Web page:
His mother had been dead for a decade. When his father died three years ago, Adam dropped out of a Community College and used the funds from the sale of the home to spend four years at the work he felt was his destiny. He was right enough about that to make a little money out of his first surprising novel but went unpaid for a book of vivid short stories that the world ignored. His third work was coming to an end that evening after two years of struggle with a vision more real than his own life of midnight walks, cans of Campbell soup, and waking at noon in a sweaty bed. Adam had a barren sex life of unmet girls that he noticed going by in miniskirts of summer, or at indoor winter tables with their hair let down and labels showing from their coats on the backs of chairs, or even in October afternoons, jeaned tightly and wearing bosomed sweaters in the nearby park. He noticed them, long-haired girls that were not for him. A few of them noticed him as well, for he was twenty-three, thin and clean-cut with sandy hair and hazel eyes, strangely good-looking although as pathetic as the poor man’s nobody in his wrinkled casual clothes, kept half clean at the laundromat.

His true life was better than that. He lived in twelve-hour runs at the Apple keyboard next to the window in afternoons and nights. Carl Sandburg had once asked Adam by way of a lyric, “Whatever happened to Chick Lorimer after she went away?” She was a wild girl, a dancer and lover hugging a dream. Nobody knew where she had gone, leaving town without a word. Adam was telling the story about what had happened to Chick Lorimer after she had packed a few old things and left town. He called the novel Gone and told in five hundred pages her young and incredible story. He had fallen in love with her, this fictional real girl whom he had lived with night after night for two years next to a window. She was so real he would know her if he should run into her on the street. He finished the last word of the novel right after a hot August afternoon had turned into a blue evening. He sat in a daze from what he had done. Looking out the window at the evening sidewalks, his heart skipped a beat. There was Chick Lorimer, looking up at him from the front of Casey’s Café. She was waiting for him. He hurriedly rolled down his shirt sleeves and ran downstairs to be with the woman he loved.

The Ungrafted Tree[1]

By Warren R. B. Dixon

     The rain in the winter in the North Country always falls as an icy rain. After the snowfall at the first of the year, the snow usually stays on the ground making dirty rags, sometimes all the way to the mud days of late March. The snow on the lake in front of Big Jack’s house would remain for a while on the frozen surface until the wind blew it onto the land, making a false blizzard. The brief springs, always late, the golden summers with rows of tall blue queens, and the long slow dying of the year made some people call it God’s Country.

On a Monday in late and godless February, Big Jack’s divorced wife, Thelma, slipped into a cheap thin raincoat over her sweatshirt that had Wiggle Town Walmart printed on the front. A misty ice-cold rain was falling. The rabbit-fur hat with an earflap missing, ratty now from ten years use, did not hide all the mop of once cold-black hair, now streaked with gray, that hung down to her shoulders. She wore long-johns under her jeans and wore army boots.

She went out from her cottage to take a look at the lake and think about what was happening. From the dooryard the ground sloped toward a lakeside road.  She could see across solid ice for a mile or so to Vermont. She knew that Big Jack, not long for this world, was flat on his back in his house only a five-minute walk from where she stood. She lived that close because Big Jack owned her cottage and let her stay there paying only for the electricity and the chords of wood she fed into the Buck stove. The free rent was all she could show for the twenty-two years of marriage.  She called those years her Catch 22. She had a rusted VW with the safety sticker expired. Monday was her day off, her one day of freedom in the week. She drove to work the six other days where she was fry-cook at a Michigan Stand on Route Nine. The chili dogs are called “Michigans” in the North Country.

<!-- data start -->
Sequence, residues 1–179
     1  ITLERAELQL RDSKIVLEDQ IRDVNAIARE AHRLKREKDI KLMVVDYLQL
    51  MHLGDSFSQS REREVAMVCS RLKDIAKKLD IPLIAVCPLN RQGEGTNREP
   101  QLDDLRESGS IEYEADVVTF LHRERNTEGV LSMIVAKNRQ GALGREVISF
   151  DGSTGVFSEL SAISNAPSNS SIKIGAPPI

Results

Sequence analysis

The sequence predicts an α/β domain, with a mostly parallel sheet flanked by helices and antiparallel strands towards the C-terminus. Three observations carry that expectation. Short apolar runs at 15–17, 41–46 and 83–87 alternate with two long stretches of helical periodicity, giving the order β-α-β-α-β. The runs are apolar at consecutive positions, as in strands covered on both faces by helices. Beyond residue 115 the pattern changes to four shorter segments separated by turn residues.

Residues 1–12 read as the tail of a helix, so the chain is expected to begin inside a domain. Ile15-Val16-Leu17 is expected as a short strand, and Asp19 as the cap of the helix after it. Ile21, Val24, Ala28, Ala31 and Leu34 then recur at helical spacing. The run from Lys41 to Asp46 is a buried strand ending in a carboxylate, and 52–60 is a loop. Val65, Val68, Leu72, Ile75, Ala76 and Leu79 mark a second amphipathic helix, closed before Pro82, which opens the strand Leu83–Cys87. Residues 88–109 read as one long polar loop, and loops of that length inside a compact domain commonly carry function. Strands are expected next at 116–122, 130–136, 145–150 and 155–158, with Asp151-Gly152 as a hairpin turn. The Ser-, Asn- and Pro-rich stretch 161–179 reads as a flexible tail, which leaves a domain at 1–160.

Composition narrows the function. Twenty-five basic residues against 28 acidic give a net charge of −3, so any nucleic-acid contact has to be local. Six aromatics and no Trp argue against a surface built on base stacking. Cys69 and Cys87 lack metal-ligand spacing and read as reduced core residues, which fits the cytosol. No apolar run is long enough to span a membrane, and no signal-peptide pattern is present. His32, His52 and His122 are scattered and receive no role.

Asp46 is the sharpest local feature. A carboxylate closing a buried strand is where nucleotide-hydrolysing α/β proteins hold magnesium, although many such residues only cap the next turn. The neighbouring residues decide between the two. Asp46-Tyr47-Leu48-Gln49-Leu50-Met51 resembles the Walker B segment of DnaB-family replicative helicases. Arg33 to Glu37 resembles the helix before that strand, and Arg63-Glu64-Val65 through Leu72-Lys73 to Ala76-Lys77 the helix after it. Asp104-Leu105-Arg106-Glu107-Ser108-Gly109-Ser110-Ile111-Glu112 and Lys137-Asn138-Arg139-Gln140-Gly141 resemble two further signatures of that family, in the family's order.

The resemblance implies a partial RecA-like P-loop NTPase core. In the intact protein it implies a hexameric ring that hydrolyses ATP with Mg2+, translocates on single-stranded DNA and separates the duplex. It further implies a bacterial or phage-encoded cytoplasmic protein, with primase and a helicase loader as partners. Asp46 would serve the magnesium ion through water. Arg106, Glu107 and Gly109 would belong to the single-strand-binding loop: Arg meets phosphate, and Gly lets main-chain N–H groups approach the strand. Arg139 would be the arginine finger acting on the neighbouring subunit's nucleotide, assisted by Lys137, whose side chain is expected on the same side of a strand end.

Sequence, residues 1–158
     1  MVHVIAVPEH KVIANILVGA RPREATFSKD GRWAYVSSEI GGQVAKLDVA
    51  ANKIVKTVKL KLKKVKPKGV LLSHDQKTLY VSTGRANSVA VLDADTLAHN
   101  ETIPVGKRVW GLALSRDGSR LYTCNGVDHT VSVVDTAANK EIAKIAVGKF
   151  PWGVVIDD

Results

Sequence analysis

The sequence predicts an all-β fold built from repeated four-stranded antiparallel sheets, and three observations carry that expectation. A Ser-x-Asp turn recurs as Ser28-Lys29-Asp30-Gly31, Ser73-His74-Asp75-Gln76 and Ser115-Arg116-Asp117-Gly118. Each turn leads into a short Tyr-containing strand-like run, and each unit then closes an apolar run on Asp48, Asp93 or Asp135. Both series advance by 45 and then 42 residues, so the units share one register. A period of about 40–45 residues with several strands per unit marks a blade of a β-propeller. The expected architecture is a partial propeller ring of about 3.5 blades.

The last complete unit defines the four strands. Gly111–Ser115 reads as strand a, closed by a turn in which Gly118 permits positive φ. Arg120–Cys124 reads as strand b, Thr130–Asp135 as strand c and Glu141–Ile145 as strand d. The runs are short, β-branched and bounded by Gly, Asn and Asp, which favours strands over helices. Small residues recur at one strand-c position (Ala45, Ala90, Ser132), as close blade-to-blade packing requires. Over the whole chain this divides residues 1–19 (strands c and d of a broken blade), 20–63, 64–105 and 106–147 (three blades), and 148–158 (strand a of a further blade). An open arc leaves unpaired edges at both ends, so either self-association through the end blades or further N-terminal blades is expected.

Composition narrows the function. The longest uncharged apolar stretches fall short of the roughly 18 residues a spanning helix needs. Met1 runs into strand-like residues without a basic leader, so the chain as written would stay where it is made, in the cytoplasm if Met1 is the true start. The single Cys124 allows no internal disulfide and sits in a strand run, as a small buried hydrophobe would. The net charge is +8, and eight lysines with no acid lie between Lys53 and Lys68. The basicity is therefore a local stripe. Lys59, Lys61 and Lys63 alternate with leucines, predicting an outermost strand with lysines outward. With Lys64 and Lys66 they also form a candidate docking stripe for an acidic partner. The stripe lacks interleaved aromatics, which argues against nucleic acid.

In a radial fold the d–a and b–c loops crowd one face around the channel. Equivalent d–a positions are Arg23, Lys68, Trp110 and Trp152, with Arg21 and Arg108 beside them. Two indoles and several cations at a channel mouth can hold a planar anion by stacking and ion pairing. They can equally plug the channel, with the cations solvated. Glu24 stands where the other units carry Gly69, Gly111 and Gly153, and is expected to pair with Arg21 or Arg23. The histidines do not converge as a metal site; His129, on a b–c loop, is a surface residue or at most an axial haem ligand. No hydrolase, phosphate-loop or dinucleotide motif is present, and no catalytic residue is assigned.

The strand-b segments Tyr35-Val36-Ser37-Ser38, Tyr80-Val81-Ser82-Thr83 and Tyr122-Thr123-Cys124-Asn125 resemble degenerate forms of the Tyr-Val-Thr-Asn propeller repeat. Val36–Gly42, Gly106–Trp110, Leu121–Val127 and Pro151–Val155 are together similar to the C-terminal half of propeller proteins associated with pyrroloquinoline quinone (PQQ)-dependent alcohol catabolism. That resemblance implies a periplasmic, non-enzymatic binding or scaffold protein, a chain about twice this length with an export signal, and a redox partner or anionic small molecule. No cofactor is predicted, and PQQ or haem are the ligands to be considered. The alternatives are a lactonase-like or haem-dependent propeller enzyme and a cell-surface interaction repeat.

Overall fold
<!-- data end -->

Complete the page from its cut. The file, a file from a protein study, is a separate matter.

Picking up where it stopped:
Neither Thelma nor Big Jack had finished high school. They had been drop-outs, brought up in Wiggle Town shanties by jumbled families flirting with paychecks and food stamps. Big Jack had a younger sister called Little Jack because her name was Jackie, so spelled. “Jacqueline” had looked too fancy to their mom.

Thelma had spent her childhood with a bathtub Mary in the family front yard. Big Jack’s somewhat wealthier family kept three parked machines worth more than their house—a pickup truck with giant tires, a snowmobile and a dirt bike. Thelma had first dealt with Jack in classrooms where he teased her for being so skinny and homely and for the way she often hitched up her cotton stockings while walking in the halls. He would pass close to her in the moving crowd between classes.  He would bump her and say, “Look in the mirror.” He would then give her a grunt laugh. She was plain-faced with a hawkish bump on the bridge of her nose. She had Orphan Annie eyes, round and wide-open brown, often looking surprised as though not understanding what she saw. The one beautiful thing about her in her teenage was her long black hair. The banter with Big Jack, a kind of flirtation, had gone to and fro in high school as she gave the talk back to him, making fun of his straw hair and lantern jaw and pug nose and for wearing coke-bottle glasses that were fixed to his ears by rawhide strings. He was short and stocky and musclebound and tangle-footed. Outside the schoolhouse he was most often in a T-shirt with a pack of Newport cigarettes folded into a short sleeve. He had been smoking Newports since he was eight, old enough to sneak them one at a time from the family supply. Big Jack was sullen and alone. Thelma was a wallflower who grew in a corner. Their sandpaper flirting fitted a need.